Book Creation

Editorial Support

Advice from Your Future Self on the Publishing Process

You did it! You’re a published author. It was a long road, full of twists and turns and the unexpected, but you came out the other side and can now find your book among the other titles you’ve admired for years. There are things you probably wish you’d known at the beginning of this process that you know now. Some advice from your future, published self to your past, unpublished self might include the following:

  1. Your book will not be what you envisioned; it will be better.
  2. The publishing process will take longer than you think.
  3. There are more moving parts to the process than you imagine.

How to Turn Your Darlings into Responsible Adults

Stephen King once wrote, “Kill your darlings, kill your darlings, even when it breaks your egocentric little scribbler’s heart, kill your darlings.” This is advice often given  to writers. It means you should get rid of your most cherished and self-indulgent passages for the good of your prose. But maybe that’s a bit extreme. Maybe you don’t have to kill your darlings; maybe they just need to be turned into responsible adults.

Understanding Book Indexes

One of the elements of a book that doesn’t get spoken of much is the index. An index is essentially a roadmap to the book, listing names, places, and things in alphabetical order and giving the page numbers associated with each topic. For nonfiction books, packed with valuable information, a well-made index can help quickly direct the reader to the information they’re trying to find.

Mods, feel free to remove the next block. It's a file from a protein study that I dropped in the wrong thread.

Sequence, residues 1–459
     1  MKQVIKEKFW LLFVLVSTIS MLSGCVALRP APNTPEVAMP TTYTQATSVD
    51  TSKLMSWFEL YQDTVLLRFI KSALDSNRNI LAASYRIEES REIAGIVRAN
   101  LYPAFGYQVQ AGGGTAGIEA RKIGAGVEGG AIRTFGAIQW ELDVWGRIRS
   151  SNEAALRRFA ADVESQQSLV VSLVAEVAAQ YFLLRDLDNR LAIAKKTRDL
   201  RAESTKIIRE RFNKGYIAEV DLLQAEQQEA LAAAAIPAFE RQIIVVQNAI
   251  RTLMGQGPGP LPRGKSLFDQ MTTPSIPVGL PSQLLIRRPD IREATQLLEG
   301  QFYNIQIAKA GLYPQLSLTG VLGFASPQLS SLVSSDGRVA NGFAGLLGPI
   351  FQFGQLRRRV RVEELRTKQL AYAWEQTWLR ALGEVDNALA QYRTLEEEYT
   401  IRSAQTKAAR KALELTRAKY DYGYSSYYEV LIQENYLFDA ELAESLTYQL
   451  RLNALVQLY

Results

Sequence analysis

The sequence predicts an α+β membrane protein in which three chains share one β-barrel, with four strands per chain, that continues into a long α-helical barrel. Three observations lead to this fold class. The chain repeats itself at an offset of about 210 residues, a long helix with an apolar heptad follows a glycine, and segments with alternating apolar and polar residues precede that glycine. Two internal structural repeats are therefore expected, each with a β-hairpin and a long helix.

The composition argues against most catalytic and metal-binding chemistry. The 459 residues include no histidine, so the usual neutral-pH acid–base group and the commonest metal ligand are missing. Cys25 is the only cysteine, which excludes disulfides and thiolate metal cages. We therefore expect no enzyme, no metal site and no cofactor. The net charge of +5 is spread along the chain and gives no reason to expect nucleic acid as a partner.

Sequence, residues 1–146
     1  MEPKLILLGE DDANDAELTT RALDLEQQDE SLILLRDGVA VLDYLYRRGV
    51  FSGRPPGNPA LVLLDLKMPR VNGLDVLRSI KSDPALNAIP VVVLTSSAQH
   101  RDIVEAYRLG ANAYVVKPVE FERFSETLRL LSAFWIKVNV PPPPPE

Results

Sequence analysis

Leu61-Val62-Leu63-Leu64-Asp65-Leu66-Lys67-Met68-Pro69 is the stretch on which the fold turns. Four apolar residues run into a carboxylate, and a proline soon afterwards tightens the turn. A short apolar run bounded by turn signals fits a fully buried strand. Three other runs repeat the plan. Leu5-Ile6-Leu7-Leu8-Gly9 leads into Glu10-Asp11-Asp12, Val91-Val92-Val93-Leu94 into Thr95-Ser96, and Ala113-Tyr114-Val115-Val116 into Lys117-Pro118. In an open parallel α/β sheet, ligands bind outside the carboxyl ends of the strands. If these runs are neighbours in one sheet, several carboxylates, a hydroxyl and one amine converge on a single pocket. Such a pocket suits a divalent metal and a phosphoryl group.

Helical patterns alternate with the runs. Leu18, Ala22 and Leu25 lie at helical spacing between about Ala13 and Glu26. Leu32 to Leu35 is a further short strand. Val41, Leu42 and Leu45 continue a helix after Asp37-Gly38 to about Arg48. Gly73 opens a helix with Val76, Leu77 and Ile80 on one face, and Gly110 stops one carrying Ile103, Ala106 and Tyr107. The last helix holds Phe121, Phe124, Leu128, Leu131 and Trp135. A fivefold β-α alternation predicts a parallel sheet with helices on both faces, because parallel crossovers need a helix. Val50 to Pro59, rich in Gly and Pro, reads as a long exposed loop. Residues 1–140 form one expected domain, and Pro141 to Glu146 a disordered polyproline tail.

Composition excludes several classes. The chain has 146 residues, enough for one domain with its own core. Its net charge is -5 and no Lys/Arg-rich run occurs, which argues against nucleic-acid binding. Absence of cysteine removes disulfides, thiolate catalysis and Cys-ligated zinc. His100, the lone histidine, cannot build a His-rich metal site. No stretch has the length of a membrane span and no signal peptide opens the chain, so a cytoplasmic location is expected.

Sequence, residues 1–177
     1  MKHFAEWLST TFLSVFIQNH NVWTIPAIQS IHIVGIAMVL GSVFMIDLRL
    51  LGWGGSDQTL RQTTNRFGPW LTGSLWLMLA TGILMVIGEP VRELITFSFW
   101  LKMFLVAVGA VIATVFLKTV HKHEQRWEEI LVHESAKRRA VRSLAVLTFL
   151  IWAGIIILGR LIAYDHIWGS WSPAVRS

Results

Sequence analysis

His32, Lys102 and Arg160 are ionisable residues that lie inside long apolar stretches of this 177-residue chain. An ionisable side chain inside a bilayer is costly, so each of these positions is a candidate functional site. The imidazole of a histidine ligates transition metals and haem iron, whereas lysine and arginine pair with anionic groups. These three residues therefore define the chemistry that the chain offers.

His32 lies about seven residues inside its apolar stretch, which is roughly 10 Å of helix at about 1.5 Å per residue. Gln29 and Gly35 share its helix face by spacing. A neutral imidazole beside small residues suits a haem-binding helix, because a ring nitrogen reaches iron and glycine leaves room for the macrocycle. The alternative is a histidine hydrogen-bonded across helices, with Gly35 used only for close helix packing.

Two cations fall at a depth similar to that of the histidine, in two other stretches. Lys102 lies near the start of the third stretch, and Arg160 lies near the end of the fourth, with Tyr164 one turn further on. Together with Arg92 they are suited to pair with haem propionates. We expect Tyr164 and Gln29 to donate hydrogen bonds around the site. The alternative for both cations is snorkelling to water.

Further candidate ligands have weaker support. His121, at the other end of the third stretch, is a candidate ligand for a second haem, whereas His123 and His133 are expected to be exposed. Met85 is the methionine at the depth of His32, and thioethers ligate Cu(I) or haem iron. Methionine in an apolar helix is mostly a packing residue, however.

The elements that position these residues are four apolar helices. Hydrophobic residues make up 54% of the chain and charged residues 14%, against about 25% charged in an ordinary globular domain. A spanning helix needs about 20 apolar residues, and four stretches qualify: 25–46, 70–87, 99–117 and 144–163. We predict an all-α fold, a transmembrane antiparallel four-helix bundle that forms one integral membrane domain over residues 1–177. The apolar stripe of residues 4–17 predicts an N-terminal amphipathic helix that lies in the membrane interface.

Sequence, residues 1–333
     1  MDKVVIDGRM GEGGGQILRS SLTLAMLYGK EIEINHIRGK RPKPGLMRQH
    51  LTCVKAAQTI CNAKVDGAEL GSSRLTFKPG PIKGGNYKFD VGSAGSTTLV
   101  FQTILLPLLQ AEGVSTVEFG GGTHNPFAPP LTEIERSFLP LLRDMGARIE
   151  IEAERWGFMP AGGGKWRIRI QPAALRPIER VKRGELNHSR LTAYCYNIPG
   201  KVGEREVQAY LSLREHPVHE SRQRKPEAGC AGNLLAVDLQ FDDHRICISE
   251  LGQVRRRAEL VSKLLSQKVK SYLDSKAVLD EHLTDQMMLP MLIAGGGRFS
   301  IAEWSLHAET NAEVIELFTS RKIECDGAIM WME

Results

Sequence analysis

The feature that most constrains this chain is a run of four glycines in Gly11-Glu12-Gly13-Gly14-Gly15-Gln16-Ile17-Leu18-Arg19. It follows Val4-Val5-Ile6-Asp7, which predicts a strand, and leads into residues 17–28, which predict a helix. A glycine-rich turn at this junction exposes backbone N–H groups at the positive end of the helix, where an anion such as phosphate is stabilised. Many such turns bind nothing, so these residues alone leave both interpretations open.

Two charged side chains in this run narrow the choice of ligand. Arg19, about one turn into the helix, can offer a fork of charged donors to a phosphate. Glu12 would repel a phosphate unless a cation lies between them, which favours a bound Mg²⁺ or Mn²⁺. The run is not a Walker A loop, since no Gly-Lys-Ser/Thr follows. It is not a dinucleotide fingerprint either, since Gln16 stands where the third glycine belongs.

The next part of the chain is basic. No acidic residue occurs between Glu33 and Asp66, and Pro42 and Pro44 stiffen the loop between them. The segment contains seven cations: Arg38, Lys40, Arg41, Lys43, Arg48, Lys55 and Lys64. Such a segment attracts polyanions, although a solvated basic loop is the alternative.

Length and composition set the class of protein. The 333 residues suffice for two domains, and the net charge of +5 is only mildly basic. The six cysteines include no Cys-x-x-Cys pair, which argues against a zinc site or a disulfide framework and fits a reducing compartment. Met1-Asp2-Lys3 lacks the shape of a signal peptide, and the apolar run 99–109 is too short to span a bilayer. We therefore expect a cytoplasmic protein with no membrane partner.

The Dual Purpose of Writing Your Book


Before you begin writing a book, it’s crucial to ask yourself why. Without a clear understanding of the purpose of your book, it’s difficult to make it stand out from the thousands that are published each day. But there are two sides to that question: why you want to write the book and why someone else would want to read it. Understanding both sides of that coin is crucial if you want to both get your message across and ensure that there’s someone on the other end to receive it.

What to Expect from Your Relationship with Your Editor

Questions about the editing process are natural—especially if you are a first-time author. You may be wondering about your editor and what will happen to the manuscript you’ve worked so hard on. Who is this person, and what are they going to do to my book?

Your editor’s motivations are much the same as yours: to make your book the best it can be. Don’t worry: She doesn’t want to stifle your voice; she wants to help you be heard.